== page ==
LETTERS: Developers come first

Editor:

Re: Opponents say rejection will be short-lived, Aug. 5.

Editor:

Re: Opponents say rejection will be short-lived, Aug. 5.

As someone who has been a supporter of the City of Surrey and council, I was shocked and dismayed as to how residents were handled by council relating to the duplex development on 26 Avenue.

Notwithstanding more than 350 signatures of residents opposed to the application, council berated the residents who attended the July 27 meeting that we needed to compromise, that council was reluctantly sending back the application and that there would only be one more chance in September before this application was approved.

They were unanimous in their praise for the architect/applicant.

In response to the numerous presentations by residents, the architect/applicant said he now felt like it was not to be heard. In truth, the people who are not being heard are the longstanding residents of Grandview Heights who moved to this part of the city in good faith, have paid substantial city taxes over the years and whose primary concerns are upholding the spirit of the city’s own Neighbourhood Concept Plan for this area.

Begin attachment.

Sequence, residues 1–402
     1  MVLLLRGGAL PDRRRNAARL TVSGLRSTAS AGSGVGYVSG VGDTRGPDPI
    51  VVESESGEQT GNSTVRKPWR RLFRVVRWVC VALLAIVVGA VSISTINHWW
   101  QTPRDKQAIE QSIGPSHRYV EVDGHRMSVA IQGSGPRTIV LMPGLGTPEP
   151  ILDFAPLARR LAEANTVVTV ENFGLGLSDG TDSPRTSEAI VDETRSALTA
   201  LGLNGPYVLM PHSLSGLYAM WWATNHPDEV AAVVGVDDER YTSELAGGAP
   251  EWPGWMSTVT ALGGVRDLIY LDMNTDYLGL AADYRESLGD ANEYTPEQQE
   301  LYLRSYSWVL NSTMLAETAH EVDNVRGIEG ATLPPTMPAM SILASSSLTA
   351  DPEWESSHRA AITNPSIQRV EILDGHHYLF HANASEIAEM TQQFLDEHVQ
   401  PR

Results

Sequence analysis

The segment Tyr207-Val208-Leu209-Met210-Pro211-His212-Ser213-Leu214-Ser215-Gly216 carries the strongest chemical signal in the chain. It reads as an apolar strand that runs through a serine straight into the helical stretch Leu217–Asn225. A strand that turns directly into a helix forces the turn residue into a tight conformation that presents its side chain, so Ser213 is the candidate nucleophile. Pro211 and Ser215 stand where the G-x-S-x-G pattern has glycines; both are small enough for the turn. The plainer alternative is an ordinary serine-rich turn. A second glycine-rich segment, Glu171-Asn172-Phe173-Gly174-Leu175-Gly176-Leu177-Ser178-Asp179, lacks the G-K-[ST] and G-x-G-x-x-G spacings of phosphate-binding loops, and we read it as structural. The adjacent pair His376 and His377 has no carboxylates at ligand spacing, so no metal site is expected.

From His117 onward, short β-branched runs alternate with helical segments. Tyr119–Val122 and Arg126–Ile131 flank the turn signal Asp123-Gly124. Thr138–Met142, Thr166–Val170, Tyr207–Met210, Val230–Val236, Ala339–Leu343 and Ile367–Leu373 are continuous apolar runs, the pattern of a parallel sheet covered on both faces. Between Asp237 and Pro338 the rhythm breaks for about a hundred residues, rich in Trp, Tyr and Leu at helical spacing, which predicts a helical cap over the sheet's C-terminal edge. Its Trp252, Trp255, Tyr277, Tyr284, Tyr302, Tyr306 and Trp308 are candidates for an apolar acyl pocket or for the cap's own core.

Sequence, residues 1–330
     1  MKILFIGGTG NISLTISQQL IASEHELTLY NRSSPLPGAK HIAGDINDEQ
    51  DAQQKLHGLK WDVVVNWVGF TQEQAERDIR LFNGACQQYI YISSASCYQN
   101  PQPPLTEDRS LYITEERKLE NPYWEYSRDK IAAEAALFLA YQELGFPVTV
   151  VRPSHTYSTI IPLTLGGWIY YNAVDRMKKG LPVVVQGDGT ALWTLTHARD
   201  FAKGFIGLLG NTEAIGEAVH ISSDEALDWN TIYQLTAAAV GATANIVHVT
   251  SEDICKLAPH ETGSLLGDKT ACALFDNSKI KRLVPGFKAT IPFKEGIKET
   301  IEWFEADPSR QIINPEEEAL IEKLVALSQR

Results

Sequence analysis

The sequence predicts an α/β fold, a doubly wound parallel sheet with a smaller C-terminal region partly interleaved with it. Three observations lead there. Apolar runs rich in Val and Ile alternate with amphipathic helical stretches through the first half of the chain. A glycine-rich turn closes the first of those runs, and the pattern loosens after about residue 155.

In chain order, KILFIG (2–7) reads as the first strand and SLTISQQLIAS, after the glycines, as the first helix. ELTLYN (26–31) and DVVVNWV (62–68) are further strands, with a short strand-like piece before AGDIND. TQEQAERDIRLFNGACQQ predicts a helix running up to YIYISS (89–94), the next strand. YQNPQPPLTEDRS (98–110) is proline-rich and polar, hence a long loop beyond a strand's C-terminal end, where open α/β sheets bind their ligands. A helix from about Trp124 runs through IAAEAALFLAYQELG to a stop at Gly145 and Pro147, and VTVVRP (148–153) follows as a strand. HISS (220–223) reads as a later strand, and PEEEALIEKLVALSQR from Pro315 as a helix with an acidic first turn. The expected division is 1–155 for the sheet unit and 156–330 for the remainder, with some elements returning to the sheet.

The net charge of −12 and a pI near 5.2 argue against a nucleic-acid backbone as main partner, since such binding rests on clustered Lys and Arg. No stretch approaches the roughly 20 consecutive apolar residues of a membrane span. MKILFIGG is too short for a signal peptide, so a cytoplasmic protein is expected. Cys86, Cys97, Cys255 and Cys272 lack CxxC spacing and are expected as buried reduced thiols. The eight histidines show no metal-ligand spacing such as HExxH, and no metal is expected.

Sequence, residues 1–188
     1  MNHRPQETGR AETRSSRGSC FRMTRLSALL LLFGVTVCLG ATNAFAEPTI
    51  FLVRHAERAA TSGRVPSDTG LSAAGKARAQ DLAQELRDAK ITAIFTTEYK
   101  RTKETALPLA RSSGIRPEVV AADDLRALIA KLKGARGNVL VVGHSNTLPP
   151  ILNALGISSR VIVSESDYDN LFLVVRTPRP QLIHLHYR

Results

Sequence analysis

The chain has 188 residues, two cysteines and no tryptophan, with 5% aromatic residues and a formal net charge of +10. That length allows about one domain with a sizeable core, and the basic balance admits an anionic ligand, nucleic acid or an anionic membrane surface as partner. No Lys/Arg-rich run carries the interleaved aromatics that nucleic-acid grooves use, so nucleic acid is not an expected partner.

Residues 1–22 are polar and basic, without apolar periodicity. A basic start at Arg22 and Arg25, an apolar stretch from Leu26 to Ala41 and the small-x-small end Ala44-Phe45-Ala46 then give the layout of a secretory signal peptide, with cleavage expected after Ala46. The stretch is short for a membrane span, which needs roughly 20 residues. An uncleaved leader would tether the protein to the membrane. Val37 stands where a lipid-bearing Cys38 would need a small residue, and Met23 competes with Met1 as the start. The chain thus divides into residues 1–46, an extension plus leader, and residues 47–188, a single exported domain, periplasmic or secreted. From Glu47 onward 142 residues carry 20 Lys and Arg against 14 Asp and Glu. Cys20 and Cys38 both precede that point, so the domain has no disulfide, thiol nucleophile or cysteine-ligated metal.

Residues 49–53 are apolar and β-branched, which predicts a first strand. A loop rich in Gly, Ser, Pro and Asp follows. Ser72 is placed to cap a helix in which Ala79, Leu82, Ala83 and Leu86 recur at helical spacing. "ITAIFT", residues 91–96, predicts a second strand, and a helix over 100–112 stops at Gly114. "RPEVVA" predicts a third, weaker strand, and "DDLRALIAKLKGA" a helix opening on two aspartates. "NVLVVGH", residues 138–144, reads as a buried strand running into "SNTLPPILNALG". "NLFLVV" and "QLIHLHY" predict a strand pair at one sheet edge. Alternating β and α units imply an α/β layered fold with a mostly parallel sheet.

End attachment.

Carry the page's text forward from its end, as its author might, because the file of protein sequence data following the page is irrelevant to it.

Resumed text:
Council seems to have forgotten what was written in the NCP, but the fact that 350 signatures gathered in less than two weeks at the height of summer seems to hold little concern for them is astounding.

What is also incongruous is that council approved two applications for single-family homes adjacent to the proposed duplex property to fourth reading. Council seems to think it is reasonable to put duplexes on 26 Avenue surrounded by single-family homes on a quiet residential street, so council is not even holding to their own precedents.

Council cares more about developers than it does about taxpaying residents. That is why most of the green areas in our city are being torn down in favour of primarily high-density developments.

What is also irresponsible is that little is being done to add to roads and infrastructure, meaning greater congestion and a poorer quality of living. This is the ‘future that lives here’ in Surrey and, after almost 20 years in this city, we have now decided to reluctantly leave it.

Tracy Redies, Surrey